NEW YORK (Reuters Health) - People who live in areas with high levels of traffic-related air pollution may face a slightly increased risk of developing diabetes, Danish researchers conclude in a new study.
They found that people living in urban areas with high levels of nitrogen dioxide, a pollutant found in traffic exhaust, were four percent more likely to be diagnosed with diabetes than people living in neighborhoods with cleaner air.
Healthier people seemed to be in greater peril from the influence of air pollution, with diabetes risk jumping by 10 percent in physically active people and 12 percent in non-smokers.
Previous research has found that people with diabetes appear to be more vulnerable to the harmful health effects of air pollution exposure than nondiabetics.
The new study, published in the journal Diabetes Care, is the most comprehensive to date showing that air pollution may actually contribute to the development of diabetes, John Brownstein, an epidemiologist at Children's Hospital Boston, told Reuters Health.
It is also the first study to suggest that healthier individuals may be more susceptible to effects of air pollution, a finding that warrants further research, lead author Zorana J. Andersen of the Danish Cancer Society told Reuters Health in an email.
Anderson's group looked at data for nearly 52,000 residents of Denmark's two largest cities. Over the course of a decade, almost 3,000 people (5.5 percent), aged 50 to 65 at the start of the study, were diagnosed with diabetes for the first time.
The researchers also estimated outdoor nitrogen dioxide concentrations, as a proxy for vehicle exhaust in general, at people's home addresses since 1971.
In addition to having greater long-term exposure to air pollution, those diagnosed with diabetes were also more likely to be older, heavier, male and previous or current smokers.
These other traditional risk factors for diabetes continue to be the most significant indicators of the likelihood of disease, said Brownstein, though "exposure to air pollution is one factor that should be considered in a patient's risk profile."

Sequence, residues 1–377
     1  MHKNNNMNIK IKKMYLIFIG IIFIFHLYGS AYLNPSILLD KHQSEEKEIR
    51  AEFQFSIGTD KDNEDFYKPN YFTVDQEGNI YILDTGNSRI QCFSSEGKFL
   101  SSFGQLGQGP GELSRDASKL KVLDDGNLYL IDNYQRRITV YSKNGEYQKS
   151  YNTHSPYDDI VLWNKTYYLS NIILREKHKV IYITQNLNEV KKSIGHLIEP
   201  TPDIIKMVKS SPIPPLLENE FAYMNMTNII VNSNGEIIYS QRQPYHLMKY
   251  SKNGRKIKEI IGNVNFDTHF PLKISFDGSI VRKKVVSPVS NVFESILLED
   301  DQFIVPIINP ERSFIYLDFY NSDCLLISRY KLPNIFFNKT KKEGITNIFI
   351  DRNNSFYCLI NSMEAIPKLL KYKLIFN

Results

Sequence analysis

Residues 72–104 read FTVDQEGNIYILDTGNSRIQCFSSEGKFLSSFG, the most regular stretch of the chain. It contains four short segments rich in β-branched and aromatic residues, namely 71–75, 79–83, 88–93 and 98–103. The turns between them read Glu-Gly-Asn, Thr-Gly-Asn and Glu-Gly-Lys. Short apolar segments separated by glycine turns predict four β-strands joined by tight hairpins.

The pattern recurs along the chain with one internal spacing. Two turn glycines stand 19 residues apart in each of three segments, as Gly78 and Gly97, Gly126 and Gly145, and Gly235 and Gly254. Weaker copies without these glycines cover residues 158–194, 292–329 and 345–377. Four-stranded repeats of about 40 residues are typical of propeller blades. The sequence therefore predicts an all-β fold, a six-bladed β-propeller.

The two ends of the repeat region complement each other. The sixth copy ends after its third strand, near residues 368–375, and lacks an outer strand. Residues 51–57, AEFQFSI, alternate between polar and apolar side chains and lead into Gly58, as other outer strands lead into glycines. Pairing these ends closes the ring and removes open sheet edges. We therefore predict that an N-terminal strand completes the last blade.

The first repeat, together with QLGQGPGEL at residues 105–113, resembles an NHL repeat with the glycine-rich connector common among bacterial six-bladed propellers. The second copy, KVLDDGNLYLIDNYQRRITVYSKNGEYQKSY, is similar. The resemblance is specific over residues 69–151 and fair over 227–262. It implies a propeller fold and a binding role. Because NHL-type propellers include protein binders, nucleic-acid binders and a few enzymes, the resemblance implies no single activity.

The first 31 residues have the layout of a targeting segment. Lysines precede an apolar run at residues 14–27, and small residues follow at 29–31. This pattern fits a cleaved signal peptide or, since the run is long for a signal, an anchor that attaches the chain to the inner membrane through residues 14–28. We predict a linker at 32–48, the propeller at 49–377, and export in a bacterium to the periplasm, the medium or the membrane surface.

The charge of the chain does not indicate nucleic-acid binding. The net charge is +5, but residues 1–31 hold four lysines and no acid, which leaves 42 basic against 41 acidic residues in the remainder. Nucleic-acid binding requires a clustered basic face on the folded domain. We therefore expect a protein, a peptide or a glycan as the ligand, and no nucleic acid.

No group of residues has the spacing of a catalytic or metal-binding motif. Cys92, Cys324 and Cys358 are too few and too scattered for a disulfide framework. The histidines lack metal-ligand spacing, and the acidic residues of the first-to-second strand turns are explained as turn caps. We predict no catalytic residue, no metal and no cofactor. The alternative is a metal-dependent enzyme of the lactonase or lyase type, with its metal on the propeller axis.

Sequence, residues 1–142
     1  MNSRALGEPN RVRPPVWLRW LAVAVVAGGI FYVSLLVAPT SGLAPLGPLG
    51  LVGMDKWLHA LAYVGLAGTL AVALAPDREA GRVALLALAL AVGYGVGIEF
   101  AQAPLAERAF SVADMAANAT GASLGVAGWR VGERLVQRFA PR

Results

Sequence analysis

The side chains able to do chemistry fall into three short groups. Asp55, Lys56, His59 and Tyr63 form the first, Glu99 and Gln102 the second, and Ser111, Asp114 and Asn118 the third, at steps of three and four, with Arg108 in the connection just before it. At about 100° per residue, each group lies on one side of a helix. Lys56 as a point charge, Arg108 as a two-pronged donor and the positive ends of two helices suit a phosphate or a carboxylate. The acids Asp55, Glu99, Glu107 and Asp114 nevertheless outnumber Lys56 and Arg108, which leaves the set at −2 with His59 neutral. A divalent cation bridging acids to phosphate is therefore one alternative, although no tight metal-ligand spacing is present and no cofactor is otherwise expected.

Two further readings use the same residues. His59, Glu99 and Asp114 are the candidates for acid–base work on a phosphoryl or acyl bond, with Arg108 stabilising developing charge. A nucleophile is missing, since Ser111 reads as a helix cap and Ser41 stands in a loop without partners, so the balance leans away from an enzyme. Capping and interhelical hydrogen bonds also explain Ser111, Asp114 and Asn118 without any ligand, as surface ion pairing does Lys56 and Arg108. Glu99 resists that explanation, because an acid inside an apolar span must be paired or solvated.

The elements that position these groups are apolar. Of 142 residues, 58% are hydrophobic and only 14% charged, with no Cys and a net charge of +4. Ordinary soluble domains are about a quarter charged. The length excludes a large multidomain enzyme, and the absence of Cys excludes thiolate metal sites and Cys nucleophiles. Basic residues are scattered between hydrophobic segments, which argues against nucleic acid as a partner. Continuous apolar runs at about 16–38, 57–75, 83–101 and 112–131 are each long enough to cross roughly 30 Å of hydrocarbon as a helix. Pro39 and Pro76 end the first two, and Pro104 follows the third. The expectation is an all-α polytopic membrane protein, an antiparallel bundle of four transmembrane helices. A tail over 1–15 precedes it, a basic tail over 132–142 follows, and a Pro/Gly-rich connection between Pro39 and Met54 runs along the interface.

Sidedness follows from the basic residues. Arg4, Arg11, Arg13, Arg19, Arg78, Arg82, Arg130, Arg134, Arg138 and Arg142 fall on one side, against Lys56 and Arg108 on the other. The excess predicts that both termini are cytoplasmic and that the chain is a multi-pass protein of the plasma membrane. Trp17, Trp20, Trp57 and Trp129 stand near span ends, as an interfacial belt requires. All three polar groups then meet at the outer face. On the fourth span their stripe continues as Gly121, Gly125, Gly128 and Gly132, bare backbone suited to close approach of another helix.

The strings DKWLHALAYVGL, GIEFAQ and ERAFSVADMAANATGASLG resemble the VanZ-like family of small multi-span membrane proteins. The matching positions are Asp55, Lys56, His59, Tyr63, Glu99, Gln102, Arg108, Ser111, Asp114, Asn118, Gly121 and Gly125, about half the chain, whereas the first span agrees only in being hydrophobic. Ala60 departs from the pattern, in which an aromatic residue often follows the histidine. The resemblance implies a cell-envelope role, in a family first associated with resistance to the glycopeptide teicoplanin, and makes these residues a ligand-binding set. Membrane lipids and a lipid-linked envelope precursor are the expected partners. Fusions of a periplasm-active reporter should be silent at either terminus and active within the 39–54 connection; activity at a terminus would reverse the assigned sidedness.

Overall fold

Once such potentially confounding risk factors were accounted for in the analysis, the overall risk increase attributed to pollution by the researchers was slight, at four percent.
The link between long-term exposure to air pollution and diabetes also appeared to be greater in women in this study. This may have to do with a sex-related difference in susceptibility to air pollution or could reflect the fact that women in Denmark have historically spent more time in the home than men, Anderson speculated.
The study does not prove that air pollution itself causes the increased diabetes risk detected -- some other factor for which pollution is a flag, such as poverty, stress or other exposures, could be at work instead, for example.
Earlier this month, the same team of researchers reported that people who live in areas with high levels of traffic-related pollution also might be at a slightly increased risk of dying from stroke. (See Reuters Health story of November 16, 2011).
Considerable evidence does indicate that particles in air pollution, small enough to make their way into the bloodstream, contribute to inflammation throughout the body. Inflammation, in turn, may lead to an increased risk of heart attack, stroke, heart failure and a number of chronic diseases, including diabetes and asthma.
Air pollution has a similar effect on blood vessels as cigarette smoke, Michael Brauer, an environmental health scientist at the University of British Columbia in Canada told Reuters Health. But, unlike cigarette smoke, air pollution is something to which everyone is exposed.
"Traffic-related air pollution needs to become part of urban and transportation planning discussions," said Brauer. "Major roadways should be separated from where people live and spend time."
SOURCE: bit.ly/rKn9kB Diabetes Care, online November 10, 2011.